SALT LAKE CITY – Earlier this week, the Centers for Disease Control and Prevention released a startling new statistic about pregnancy and death.
Deaths related to pregnancies are on the rise.
A young woman now is twice as likely to die giving birth than her mother was. These types of death are still rare — 17 out of 100,000 — but the rate is rising. And the risk doubles again if you’re Black, Native American or an Alaskan native.
Utah isn’t immune. But here, opioids come into play.
A new study done by the University of Utah Health’s Dr. Marcela Smid found that, most often, drug overdose is what causes Utah’s pregnant women and new moms to die. And the worst offender is opioids.
“The leading cause is what we call drug-induced death,” Smid said, “so deaths that were caused by drugs, and 74 percent of those deaths were opioid-related.”
The study found drug-induced deaths made up 24 percent of all deaths in the state from 2005 to 2014. During those nine years, there were 136 pregnancy-related deaths. Of those, 35 of them were related to drugs; 27 of those 35 were opioid-related.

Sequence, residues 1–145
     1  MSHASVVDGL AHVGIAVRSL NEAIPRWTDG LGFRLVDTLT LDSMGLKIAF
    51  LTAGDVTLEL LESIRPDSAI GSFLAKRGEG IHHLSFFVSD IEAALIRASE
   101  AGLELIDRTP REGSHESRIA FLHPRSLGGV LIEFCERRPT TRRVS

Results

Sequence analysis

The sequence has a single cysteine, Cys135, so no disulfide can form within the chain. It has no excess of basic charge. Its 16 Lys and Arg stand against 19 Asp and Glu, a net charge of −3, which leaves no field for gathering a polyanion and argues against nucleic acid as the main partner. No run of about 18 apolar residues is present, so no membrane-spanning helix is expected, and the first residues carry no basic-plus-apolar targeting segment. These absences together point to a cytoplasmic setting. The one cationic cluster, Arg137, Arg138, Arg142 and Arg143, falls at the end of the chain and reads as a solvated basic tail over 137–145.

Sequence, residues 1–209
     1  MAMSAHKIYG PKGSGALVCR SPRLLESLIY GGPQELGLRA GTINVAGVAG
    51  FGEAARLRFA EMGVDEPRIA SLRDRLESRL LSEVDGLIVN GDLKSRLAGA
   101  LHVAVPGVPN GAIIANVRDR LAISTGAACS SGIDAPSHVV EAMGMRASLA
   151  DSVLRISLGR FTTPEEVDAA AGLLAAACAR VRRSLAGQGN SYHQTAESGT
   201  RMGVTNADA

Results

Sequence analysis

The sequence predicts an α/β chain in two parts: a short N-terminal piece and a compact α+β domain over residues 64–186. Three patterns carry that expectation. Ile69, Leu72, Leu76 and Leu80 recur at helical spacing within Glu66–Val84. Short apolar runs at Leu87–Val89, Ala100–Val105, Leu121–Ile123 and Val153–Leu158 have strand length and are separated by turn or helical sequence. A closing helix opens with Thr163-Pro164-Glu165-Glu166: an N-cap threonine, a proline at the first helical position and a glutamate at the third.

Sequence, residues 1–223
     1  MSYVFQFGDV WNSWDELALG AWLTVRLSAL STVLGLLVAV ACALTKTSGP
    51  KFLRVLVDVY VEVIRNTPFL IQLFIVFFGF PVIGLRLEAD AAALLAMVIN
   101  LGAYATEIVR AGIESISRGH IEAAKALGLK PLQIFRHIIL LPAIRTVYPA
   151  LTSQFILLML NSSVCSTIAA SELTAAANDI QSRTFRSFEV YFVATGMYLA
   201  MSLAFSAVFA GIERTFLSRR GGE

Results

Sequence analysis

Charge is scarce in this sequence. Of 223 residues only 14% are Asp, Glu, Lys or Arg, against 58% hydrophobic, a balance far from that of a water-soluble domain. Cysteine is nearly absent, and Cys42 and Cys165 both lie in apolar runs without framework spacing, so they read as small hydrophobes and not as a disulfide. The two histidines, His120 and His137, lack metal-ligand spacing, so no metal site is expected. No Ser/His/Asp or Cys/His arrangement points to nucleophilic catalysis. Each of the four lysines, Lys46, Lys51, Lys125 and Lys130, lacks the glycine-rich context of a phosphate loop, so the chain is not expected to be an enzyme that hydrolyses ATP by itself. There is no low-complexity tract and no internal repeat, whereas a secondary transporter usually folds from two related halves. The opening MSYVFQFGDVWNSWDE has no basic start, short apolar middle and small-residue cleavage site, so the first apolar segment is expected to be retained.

“In relation to other states we’re not much higher,” Smid said. “But we are higher than other states proportionately for drugs that cause death to our mothers.”
She says there are several committees in the United States devoted to studying this issue, so more information is being gathered. Dr. Smid hopes it will raise awareness that this isn’t just a Utah problem — but a nation-wide one.
Addiction plays a huge role in these numbers, but there are also other factors in all of this.
“What we see in this study, and emergingly throughout the country, is that maternal mental health is really driving a lot of this,” Smid said. “Depression, anxiety those things are leading either to moms delaying care for themselves if they have a medical issue and suicides are also contributing to this.”
She says in her field there are several factors that can affect these issues. Dr. Smid also says patients express that, overall, there needs to be better systems in place for helping postpartum moms. This includes how the provider screens moms for issues, healthcare facilities, and even how communities can help better support moms.
“We need to have places where moms can go for help,” Smid said. “That those providers and those health systems and the bigger, broader systems so that is our social communities, our religious communities, our cultural communities are able to respond to moms who need help.”
Contributing: Jeff Caplan, Nick Wyatt, Jeff Caplan’s Afternoon News
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